Recently, opposition parties discussed future course of action on the issue of alleged tampering of EVMs. They raised their concern regarding EVMs with Election Commission. Credibility of EVMs were questioned in the previous General elections of Parliament and State Assemblies.
India is the world leader in the use of EVMs. The Election Commission has been conducting all elections through EVMs since 2001. The Indian EVM is a direct recording device, which is a stand-alone machine.
The Election Commission has clarified several times that Indian EVMs don’t talk to any machine outside its own system – be it through wired network, internet, satellite, and WiFi or bluetooth. The EVM is not connected to server, so cyber hacking of Indian EVMs is not possible unless an authorised person acts with malafide intention.
Throughout these years, the Election Commission has denied all the claims of EVM tampering and in 2017, it got a scientific proof to back up its claim. In May, the Bombay High Court had ordered an examination of EVMs from the ‘Parvati constituency in Pune’. The order was issued to rule out tampering during elections to Maharashtra legislative assembly in 2014. One control unit, one ballot unit and two batteries were sent to the lab. An EVM comprises a control unit and a ballot unit. As per the report received from the lab,the machine is a stand-alone, non-networked, one-time programmable unit, which is neither computer controlled externally nor could be connected internally or to any network. The report was made public after being submitted to the high court.
The Election Commission had also thrown open EVM hackathon challenge to prove that the machines are incorruptible. But no political party showed interest.
Methodology for selecting EVMs:
The Election Commission puts in place a multi-layered security protocol to ensure that EVMs record the actual vote. The first-level check of the machines is done by the Election Commission, months before the actual voting. All political party representatives are present to observe the exercise. Faulty machines are removed.
The EVMs are selected by computers on the principle of randomisation. This process does not allow a prior knowledge or planned setting for a particular EVM in a particular constituency or at a particular polling booth. There is a double randomisation process for pairing of the ballot unit and control unit of the EVM. This step makes it impossible for a person to know how the machines would be paired and which machine will be used in which constituency. The final order of the candidates is not placed on the ballot unit of the EVM till the last day of withdrawal of names.
When this is done, usually 13 days ahead of the polling, EVMs are again tested for proper functioning. The representatives of political parties and candidates are present during this exercise. They sign a certificate, saying that the EVMs are in order after the process completes to their satisfaction. Before being finally dispatched to the polling booths, the EVMs are sealed with a unique security number. At this stage too, the representatives of the parties or candidates are present and sign on the seal. The Election Commission places the names of the candidates in an alphabetical order for each constituency to wipe out the possibility of predictability.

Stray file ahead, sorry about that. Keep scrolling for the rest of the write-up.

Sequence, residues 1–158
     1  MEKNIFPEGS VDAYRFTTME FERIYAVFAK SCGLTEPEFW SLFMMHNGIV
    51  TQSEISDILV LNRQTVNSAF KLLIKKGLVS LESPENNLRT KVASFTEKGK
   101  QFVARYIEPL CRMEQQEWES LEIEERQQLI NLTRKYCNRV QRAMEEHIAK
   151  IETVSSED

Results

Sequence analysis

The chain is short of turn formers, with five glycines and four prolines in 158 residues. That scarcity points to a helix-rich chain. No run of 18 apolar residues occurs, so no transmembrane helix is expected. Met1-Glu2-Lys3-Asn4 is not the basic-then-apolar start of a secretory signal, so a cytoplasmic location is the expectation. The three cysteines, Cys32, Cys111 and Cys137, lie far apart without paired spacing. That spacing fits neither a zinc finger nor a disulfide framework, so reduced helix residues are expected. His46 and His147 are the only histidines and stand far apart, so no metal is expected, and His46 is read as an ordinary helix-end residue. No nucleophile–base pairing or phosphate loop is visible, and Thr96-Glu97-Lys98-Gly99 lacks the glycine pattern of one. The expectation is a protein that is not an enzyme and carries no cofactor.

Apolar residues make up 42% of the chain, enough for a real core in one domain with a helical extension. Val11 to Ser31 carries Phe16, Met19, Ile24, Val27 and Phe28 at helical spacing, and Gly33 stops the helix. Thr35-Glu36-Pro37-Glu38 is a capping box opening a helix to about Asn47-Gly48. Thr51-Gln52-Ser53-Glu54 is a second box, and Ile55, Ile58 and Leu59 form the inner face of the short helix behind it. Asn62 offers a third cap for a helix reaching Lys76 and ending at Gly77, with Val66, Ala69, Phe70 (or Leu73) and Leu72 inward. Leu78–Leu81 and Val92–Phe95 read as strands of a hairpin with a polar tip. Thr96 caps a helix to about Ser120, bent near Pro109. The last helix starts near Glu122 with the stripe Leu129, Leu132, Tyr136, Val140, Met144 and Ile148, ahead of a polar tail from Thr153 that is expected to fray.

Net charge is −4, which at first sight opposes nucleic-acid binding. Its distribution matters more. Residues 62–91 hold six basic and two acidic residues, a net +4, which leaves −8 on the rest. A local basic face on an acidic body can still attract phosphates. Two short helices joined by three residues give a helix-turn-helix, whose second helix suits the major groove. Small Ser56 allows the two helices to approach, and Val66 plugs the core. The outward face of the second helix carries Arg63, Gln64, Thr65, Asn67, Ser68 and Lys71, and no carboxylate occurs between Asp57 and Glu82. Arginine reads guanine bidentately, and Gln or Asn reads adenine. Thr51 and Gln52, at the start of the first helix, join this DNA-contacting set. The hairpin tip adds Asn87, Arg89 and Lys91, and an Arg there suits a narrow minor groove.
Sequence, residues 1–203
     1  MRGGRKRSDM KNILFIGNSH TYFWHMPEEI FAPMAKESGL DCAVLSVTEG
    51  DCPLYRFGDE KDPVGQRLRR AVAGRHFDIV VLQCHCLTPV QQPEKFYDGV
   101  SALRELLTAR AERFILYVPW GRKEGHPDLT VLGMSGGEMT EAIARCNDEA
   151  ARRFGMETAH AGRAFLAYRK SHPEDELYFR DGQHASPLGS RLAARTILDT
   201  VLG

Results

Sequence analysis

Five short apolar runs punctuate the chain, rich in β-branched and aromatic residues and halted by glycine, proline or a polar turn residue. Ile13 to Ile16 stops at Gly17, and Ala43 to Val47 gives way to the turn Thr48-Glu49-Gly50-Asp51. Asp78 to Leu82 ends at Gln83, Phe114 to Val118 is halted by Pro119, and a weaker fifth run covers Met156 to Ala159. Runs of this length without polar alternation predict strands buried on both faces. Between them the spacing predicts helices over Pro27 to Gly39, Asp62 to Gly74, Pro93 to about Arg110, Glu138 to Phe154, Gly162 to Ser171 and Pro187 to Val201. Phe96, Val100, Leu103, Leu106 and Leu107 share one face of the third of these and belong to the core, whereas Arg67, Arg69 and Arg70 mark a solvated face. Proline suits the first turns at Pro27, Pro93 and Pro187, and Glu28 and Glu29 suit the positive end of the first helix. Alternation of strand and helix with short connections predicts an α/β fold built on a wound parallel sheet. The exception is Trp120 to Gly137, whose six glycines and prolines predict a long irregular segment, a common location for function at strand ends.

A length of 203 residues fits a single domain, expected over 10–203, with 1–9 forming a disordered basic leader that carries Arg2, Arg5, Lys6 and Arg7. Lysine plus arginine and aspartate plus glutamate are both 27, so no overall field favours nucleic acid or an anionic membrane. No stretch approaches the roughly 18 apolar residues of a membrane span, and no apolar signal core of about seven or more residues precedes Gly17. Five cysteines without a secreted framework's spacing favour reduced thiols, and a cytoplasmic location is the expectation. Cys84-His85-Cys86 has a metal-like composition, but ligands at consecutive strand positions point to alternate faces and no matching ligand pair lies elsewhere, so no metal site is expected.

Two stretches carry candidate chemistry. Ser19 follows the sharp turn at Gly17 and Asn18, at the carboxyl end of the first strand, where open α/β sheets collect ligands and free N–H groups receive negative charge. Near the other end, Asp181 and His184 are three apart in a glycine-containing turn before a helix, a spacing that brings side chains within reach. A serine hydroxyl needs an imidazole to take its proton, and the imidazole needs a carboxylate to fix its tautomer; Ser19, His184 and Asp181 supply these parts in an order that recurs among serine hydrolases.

On top of it, the Election Commission has stated that all future elections would be held with VVPAT, making it possible for every voter to see that his/her vote goes to the chosen candidate only.
The controversy over failing VVPATs:
Reports emerged of large-scale malfunctioning of the voter-verifiable paper audit trail machines during by-elections to four Lok Sabha and ten State Assembly seats. The malfunctioning was so widespread that the Election Commission ordered re-polls in 73 booths of the Kairana parliamentary constituency in Uttar Pradesh, 49 booths in the Maharashtra seat of Bhandara-Gondiya and one booth in the Nagaland Lok Sabha seat.
The chief election commissioner blamed the malfunction of the VVPAT machines on excessively hot weather and exposure of sensors to light. This is rather worrying, because when the trials for VVPATs were conducted in 2011 and 2012, they were subjected to extreme weather conditions.
The second reason provided by the CEC—the inexperience of the staff, who were handling these machines for the first time—seems more plausible. It is important to mention that it was precisely to remove the last remnants of doubts regarding EVMs that VVPAT machines were introduced, after an all-party meeting in 2010.
In fact, in 2013, the Supreme Court of India appreciated the EC’s initiative to introduce VVPATs and directed the government to provide adequate funds for the same. However, the government delayed sanctioning the funds for over three years, which has almost jeopardised the production of the required number of VVPAT machines to fulfil the EC’s commitment last year in an affidavit to the Supreme Court that it would provide the machines at every polling station during the 2019 general election.
1. The new VVPATs are to have sensors with hoods over them to protect from direct exposure to light.
2. Humidity resistant paper will be obtained for use in humid areas. The decision was made by the Electronics Corporation of India, one of the two state-owned companies that manufacture VVPATs.
The EC’s role in ensuring the people’s faith in democracy is paramount. The loss of public faith in democracy and its protector institutions spells nothing but disaster. But one must have no doubt that EVMs have made India the proud global leader in the field of elections. After the introduction of VVPATs, our system is now full proof.